After some discussions at the S4D conference last week, I have some additional updates to the history and technologies of reverse execution. I have found one new commercial product at a much earlier point in time, and an interesting note on memory consistency.
Tag Archives: Reverse Execution
In this final part of my series on the history of reverse debugging I will look at the products that launched around the mid-2000s and that finally made reverse debugging available in a commercially packaged product and not just research prototypes. Part one of this series provided a background on the technology and part two discussed various research papers on the topic going back to the early 1970s. The first commercial product featuring reverse debugging was launched in 2003, and then there have been a steady trickle of new products up until today.
Post updated 2012-09-28 with a revised history.
This is the second post in my series on the history of reverse execution, covering various early research papers. It is clear that reverse debugging has been considered a good idea for a very long time. Sadly though, not a practical one (at the time). The idea is too obvious to be considered new. Here are some papers that I have found dating from the time before “practical” reverse debug which for me starts in 2003 (as well as a couple of later entrants).
For some reason, when I think of reverse execution and debugging, the sound track that goes through my head is a UK novelty hit from 1987, “Star Trekkin” by the Firm. It contains the memorable line “we’re only going forward ’cause we can’t find reverse“. To me, that sums up the history of reverse debugging nicely. The only reason we are not all using it every day is that practical reverse debugging has not been available until quite recently. However, in the past ten years, I think we can say that software development has indeed found reverse. It took a while to get there, however. This is the first of a series of blog posts that will try to cover some of the history of reverse debugging. The text turned out to be so long that I had to break it up to make each post usefully short. Part two is about research, and part three about products.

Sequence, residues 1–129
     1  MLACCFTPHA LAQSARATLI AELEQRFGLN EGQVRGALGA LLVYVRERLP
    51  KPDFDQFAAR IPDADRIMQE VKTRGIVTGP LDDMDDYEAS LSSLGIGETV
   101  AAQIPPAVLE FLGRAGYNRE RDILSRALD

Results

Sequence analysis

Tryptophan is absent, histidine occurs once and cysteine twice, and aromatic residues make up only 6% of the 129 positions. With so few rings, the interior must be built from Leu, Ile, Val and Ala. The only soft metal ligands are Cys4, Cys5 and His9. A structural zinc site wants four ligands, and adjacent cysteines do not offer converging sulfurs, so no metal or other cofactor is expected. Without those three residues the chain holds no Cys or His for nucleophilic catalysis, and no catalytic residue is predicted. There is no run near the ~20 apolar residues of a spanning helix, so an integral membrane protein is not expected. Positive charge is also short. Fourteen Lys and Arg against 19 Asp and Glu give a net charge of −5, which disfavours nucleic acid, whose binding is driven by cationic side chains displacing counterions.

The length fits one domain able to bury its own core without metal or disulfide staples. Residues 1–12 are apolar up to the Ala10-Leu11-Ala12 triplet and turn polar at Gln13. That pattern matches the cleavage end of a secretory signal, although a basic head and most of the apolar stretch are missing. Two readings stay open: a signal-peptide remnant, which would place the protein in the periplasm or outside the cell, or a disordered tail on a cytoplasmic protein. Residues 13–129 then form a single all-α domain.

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I have a new post at my Wind River blog, about variability and determinism and how these two concepts interact. In short, even a deterministic simulator can expose great variability in a software workload and target system behavior.
Last week, I finally got the last “OK” from the maintainers of GDB, the Gnu Debugger, indicating that my contribution to the GDB project was accepted. This is my first contribution to an open-source project, and the piece of code that has my name on it is positively puny. It is actually not really code at all, it is just a piece of documentation, for the extensions to the GDB-MI command set needed to support reversible debugging. The actual code doing the work was contributed by a colleague of mine, Tomas Holmberg, credit where credit is due.
In my series (well, I have one previous post about checkpointing) about misunderstood simulation technology items, the turn has come to the most difficult of all it seems: determinism. Determinism is often misunderstood as meaning “unchanging” or “constant” behavior of the simulation. People tend to assume that a deterministic simulation will not reveal errors due to nondeterministic behavior or races in the modeled system, which is a complete misunderstanding. Determinism is a necessary feature of any simulation system that wants to be really helpful to its users, not an evil that hides errors.